My apologies for the long silence - it seems there are just not enough
hours in the day to do everything! I hope you are all having a restful
Last week I was in Sydney albeit briefly to be bridesmaid at a friend's
Christine and Duncan were married in the navy chapel at Watson's Bay, and
what a magnificent setting! Indeed the whole area with its rugged
coastline, bushland and old buildings made me wish I lived a damn sight
closer than Darwin! The only real let down were the feral birds
everywhere - Indian mynahs and feral rock-doves in particular. A brief
walk to the Gap only yielded one endemic which I assume was New Holland
Honeyeater (is White-cheeked Honeyeater more likely in this area?).
As Christine is Consul General for Nepal, she and we bridesmaids all wore
traditional Nepalese silk costumes in all colours of the rainbow -
certainly put the kybosh on the usual 'white' wedding! And the reception
carried through the Nepalese theme with Nepalese music and dancers, and
each of us receiving a 'karta' as we arrived. Many involved in Nepalese
and Antarctic tourism were there - I enjoyed meeting the people behind
the names. Robert Swan, polar explorer, gave the one speech although I'm
sure many there would have liked to have added their blessings in such a
way as well! However we all managed to control our exuberance!
Walking Sydney selling the bird book exposed me to more wonderful old
buildings - there are so few in Darwin! Tim Peach, if you're out there -
my apologies for not getting back to meet you - I ran out of time!
A day trip to Canberra to visit Manning Clark house resulted in my
wanting to live there immediately (in the house, not necessarily
Canberra!) The house was designed by Robin Boyd and is a maze of little
rooms their walls loaded with book cases crammed with the most
interesting books on every topic under the sun. Manning Clark's study
was in a loft overlooking the garden - one had to ascend a ladder to
reach it. As a member of the Manning Clark Association I was offered the
chance to stay at the house overnight but had to decline as we had an
appointment at Taronga Park Zoo early the next morning. No time in
Canberra for birding either, I'm afraid.
The only birds present at Circular Quay were Silver Gulls, a few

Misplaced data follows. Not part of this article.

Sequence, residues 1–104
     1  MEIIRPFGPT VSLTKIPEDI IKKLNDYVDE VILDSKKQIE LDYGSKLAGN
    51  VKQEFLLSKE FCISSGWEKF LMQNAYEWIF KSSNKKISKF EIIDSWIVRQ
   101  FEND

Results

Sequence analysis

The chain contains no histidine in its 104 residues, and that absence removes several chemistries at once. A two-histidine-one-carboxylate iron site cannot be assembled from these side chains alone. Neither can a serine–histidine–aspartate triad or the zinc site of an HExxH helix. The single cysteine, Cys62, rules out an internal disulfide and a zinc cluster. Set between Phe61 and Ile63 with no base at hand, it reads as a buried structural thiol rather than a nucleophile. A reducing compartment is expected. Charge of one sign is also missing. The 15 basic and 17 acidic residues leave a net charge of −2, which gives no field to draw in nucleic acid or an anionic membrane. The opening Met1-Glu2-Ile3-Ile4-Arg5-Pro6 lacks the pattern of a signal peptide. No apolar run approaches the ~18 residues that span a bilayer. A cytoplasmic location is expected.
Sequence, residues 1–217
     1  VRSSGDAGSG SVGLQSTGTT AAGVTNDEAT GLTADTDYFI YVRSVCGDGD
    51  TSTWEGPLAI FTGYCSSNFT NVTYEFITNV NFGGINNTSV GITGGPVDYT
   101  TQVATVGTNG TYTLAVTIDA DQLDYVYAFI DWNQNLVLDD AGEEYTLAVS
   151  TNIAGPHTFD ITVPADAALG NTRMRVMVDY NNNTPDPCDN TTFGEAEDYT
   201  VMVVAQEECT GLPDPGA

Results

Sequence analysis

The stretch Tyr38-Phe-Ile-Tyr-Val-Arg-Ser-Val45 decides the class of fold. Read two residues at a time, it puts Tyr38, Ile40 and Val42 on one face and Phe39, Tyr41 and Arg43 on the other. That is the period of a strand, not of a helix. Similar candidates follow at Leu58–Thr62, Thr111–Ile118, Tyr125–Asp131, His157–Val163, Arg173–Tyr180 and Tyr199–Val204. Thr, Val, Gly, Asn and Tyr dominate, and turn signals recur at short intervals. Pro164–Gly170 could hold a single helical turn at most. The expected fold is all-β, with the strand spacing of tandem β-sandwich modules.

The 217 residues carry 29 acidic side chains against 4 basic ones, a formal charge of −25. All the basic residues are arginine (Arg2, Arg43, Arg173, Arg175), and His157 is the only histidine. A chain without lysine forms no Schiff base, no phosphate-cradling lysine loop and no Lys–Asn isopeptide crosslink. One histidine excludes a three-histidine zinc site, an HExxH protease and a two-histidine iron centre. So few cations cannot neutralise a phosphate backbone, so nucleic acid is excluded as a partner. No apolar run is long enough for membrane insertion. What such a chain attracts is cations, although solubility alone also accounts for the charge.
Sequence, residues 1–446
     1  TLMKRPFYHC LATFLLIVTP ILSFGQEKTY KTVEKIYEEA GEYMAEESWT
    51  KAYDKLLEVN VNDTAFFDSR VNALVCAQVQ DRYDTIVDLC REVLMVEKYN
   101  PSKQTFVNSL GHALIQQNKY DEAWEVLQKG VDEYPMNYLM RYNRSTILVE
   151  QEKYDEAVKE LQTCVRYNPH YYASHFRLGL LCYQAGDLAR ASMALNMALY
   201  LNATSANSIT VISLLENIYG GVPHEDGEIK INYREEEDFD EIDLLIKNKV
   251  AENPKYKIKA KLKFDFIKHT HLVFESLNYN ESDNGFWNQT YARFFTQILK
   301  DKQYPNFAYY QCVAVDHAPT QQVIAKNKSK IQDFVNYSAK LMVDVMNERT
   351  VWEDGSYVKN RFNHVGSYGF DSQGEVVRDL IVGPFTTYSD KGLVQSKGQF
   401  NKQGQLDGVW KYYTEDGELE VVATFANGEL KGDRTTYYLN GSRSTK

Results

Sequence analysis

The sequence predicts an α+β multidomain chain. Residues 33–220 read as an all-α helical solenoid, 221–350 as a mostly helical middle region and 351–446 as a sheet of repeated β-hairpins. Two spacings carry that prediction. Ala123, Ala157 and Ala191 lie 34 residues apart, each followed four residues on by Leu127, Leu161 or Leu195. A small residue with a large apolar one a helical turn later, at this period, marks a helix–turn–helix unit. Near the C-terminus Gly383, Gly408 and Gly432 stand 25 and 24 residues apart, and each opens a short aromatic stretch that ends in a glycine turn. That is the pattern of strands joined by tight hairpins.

rock-doves and the odd starling.
We were shown around Taronga by a member of the Friends of Taronga Park
Zoo, Judith Gibson. I was impressed with all I saw, particularly the
setting, the new enclosures; the dedication of staff and Friends, and
their efforts to meet the needs of the animals.
I had to return to Darwin too soon. However I must admit that the
diversity of flora and fauna in my garden alone goes a long way to the
lack of a rugged coastline and old buildings.
Now to my 'autumn' garden. Green-backed Gerygones are much in evidence
again this year although Little Bronze-cuckoos are thin on the ground for
some reason. An immature Helmeted Friarbird is hanging around the
feeding table, chasing off both the immature and adult Yellow Orioles
(they breed in the garden). Brown and Rufous-banded honeyeaters are also
breeding as is I suspect, Red-headed Honeyeater - they are chasing each
other around madly! White-gaped, Brown and Rufous-banded honeyeaters are
happily feeding on the caterpillars of Catopsilia butterflies (eg Lemon
Migrant) that cover my Cassia fistula. The birds also insert their beaks
into the rolled up shelters of caterpillars. Incidentally, to those who
haven't heard of this tree - cascara is derived from the pulp surrounding
the seed. Varied Trillers are having a great time feeding on the loopers
infesting the Breynia cernua (a small shrub in the family Euphorbiaceae)
while the Yellow Orioles and Figbirds stuff themselves with the pink
berries. Leaf-miners infesting the tree out the front (Polyalthia
australis) attracted White-gaped honeyeaters by the dozen earlier in the
Wet. The new leaves of this tree are the most gorgeous bronze.
Our three resident Orange-footed Scrubfowls have turned over much of the
ground as if a miniature bulldozer has been through!
The pond vegetation is flourishing. There are half a dozen native fern
species, two species of Ludwigia (one erect with yellow flowers (L.
octovalvis) and the other prostrate with white flowers (L. adscendens)),
sedges, sundry self-sown figs and other tree seedlings, the
mauve-flowered Dysophylla stellata, and the blue and purple flowers of
Commelinas (three species), Cyanotis and Murdannia (one species each).
These edible plants look great in salads. Red dragonflies are pursuing
each other around the pond, and a Carpenter Bee (Xylocarpa) is busily
digging holes in a dead weeping tea tree out the front,
Over Easter I visited Robin Falls some 150 kms south of Darwin, and Fogg
Dam to put together some natural history interviews for the ABC. I'll
post something of this later.
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